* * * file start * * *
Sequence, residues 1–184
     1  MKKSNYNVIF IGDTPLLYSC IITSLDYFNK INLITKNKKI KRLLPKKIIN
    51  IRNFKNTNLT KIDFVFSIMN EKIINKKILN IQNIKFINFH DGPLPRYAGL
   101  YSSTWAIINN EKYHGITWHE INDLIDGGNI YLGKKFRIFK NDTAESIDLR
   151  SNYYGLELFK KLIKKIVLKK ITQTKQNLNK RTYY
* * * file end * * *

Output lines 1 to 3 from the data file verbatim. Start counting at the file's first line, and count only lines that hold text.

Sequence, residues 1–184
     1  MKKSNYNVIF IGDTPLLYSC IITSLDYFNK INLITKNKKI KRLLPKKIIN
    51  IRNFKNTNLT KIDFVFSIMN EKIINKKILN IQNIKFINFH DGPLPRYAGL